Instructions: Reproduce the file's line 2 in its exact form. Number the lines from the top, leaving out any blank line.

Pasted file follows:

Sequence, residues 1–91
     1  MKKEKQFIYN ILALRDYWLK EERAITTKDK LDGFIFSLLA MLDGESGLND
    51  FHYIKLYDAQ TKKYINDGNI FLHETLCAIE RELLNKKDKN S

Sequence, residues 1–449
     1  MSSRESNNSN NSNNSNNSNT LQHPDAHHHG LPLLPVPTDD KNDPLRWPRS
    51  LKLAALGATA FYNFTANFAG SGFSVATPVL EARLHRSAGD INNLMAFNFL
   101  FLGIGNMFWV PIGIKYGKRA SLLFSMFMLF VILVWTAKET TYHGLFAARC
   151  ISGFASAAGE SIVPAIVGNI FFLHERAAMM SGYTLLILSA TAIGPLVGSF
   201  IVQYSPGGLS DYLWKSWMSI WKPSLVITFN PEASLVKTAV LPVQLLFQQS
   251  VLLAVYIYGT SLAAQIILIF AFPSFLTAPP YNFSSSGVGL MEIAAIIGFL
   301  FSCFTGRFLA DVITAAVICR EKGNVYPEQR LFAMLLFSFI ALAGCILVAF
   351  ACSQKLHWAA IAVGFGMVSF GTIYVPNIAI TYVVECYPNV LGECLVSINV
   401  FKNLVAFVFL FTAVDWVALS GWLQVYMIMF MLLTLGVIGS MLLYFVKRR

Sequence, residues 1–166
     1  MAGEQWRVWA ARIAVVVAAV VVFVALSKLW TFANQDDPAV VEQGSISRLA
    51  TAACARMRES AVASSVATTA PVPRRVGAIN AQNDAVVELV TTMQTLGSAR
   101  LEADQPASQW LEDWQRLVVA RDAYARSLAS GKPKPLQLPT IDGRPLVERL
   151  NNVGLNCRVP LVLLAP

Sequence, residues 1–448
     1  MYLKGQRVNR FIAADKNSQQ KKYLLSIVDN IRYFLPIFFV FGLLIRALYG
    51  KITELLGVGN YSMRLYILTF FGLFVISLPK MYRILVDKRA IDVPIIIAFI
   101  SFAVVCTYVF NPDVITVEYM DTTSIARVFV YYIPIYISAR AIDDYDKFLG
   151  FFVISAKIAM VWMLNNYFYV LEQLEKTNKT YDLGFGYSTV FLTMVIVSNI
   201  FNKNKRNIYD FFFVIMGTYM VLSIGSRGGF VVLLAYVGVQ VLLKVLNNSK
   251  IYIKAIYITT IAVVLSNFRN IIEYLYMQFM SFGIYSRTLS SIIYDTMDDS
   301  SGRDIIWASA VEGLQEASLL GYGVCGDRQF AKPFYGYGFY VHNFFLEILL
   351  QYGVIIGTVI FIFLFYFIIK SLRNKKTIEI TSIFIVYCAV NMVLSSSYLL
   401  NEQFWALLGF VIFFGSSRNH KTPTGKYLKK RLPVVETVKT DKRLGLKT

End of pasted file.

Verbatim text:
     1  MKKEKQFIYN ILALRDYWLK EERAITTKDK LDGFIFSLLA MLDGESGLND